3.1 The genus Bradyrhizobium (Bradyrhizobiaceae)
The Bradyrhizobium genus was described by Jordan in 1982 . It currently consists of nine rhizobia species.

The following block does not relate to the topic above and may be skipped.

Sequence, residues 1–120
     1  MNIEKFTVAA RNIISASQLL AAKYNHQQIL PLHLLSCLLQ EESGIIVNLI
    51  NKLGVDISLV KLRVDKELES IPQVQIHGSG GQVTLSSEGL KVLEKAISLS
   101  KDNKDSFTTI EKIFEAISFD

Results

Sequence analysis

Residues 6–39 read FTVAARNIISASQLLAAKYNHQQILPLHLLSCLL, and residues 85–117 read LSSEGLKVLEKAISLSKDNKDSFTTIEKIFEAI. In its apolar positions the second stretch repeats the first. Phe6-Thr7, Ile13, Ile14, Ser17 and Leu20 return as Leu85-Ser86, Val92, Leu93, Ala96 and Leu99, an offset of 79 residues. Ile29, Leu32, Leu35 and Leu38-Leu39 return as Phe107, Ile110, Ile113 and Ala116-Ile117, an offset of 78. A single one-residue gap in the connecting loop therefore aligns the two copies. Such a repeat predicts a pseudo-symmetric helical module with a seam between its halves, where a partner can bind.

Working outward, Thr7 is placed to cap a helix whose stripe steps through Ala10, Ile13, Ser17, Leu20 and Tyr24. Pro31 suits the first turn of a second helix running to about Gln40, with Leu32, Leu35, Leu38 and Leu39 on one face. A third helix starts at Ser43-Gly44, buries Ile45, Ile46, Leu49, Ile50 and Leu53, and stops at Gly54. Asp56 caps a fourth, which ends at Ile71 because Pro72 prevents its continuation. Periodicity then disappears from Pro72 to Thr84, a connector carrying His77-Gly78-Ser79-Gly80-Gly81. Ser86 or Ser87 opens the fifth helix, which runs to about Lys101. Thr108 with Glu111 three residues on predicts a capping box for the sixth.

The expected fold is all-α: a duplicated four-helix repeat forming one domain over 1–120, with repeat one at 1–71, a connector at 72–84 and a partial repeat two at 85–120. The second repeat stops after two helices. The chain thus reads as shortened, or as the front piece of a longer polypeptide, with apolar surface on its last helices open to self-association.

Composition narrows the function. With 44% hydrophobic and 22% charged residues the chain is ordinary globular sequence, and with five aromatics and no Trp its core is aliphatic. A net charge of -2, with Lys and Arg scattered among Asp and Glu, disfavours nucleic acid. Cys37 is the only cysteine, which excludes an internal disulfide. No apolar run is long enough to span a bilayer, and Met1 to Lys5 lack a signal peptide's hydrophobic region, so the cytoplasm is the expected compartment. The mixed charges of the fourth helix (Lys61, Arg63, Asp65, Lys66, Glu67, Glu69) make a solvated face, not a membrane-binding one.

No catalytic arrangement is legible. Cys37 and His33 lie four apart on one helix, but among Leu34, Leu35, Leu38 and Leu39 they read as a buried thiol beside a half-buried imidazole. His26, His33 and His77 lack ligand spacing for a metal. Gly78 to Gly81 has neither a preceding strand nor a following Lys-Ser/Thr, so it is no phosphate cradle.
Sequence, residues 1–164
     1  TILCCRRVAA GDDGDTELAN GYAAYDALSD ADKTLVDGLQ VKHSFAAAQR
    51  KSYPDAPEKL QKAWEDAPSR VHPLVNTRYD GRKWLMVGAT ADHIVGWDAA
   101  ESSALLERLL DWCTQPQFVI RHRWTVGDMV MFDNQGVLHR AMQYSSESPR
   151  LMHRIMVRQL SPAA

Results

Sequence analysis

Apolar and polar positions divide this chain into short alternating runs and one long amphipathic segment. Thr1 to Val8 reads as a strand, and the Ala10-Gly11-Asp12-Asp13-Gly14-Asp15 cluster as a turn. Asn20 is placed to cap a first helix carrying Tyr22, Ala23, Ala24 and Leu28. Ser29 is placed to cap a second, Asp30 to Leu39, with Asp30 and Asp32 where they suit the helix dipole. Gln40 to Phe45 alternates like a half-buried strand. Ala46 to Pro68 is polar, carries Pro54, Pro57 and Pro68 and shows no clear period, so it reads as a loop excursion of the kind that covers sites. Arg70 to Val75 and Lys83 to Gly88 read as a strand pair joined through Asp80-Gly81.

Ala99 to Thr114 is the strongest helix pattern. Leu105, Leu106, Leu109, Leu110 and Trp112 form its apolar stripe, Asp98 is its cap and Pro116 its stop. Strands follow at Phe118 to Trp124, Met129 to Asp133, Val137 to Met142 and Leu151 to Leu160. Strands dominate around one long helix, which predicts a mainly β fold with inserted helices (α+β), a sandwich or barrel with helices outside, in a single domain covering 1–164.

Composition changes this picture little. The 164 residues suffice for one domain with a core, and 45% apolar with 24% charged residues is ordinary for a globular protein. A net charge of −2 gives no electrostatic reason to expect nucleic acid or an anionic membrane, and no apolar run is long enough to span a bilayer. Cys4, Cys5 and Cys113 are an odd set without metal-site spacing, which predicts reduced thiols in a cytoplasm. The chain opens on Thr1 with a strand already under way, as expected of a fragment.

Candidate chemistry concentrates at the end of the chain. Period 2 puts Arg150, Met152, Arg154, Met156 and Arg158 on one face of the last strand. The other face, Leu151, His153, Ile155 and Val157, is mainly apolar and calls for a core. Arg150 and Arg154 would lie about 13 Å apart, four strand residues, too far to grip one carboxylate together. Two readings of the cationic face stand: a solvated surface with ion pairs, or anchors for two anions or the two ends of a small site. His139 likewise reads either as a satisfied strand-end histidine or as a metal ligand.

For the Loteae tribe, previous studies found that Lotus palustris and L. purpureus species from Algeria were nodulated by Bradyrhizobium lupini, and L. pedunculatus by B. japonicum . However, L. creticus ssp. maritimus is nodulated by both . At Tunisia, L. roudairei microsymbiont is closely related to B. japonicum . For the Acacieae tribe, two studies reported that rhizobial strains associated to the Acacia saligna, an Australian introduced species, belonged to the genus Bradyrhizobium genus under Algerian and Moroccan soils [32, 33, 34]. For the Genisteae tribe, it has been noticed that Bradyrhizobium is the dominant genus of symbiotic nitrogen-fixing bacteria associated with Retama species in North Africa: Retama monosperma, R. raetam, and R. sphaerocarpa (Algeria: [35, 36]; Morocco: ). Recently, the novel B. retamae species, in which groups with B. elkanii and B. pachyrhizi and related B. lablabi and B. jicamae type strains are included in Bradyrhizobium group II , has been isolated from R. sphaerocarpa and R. monosperma in Morocco . For the genus Cytisus, two studies reported that Cytisus villosus is nodulated by B. cytisi sp. nov. and B. rifense sp. nov. in Morocco [39, 40] and by genetically diverse Bradyrhizobium strains in Algeria belonging to B. japonicum and B. canariense and to new lineage within the Bradyrhizobium genus . Fifty-two strains isolated from root nodules of the Moroccan shrubby legume Cytisus triflorus were genetically characterized, and results showed that it is nodulated by Bradyrhizobiumstrains, with 99% homology with Bradyrhizobium genosp. AD . For the genus Lupinus, some endosymbiotic bacteria of L. luteus and L. micranthus from Tunisia and Algeria belonged to B. lupini, B. canariense, B. valentinum, B. cytisi/B. rifense, B. japonicum, B. elkanii, and B. retamae [43, 44, 45].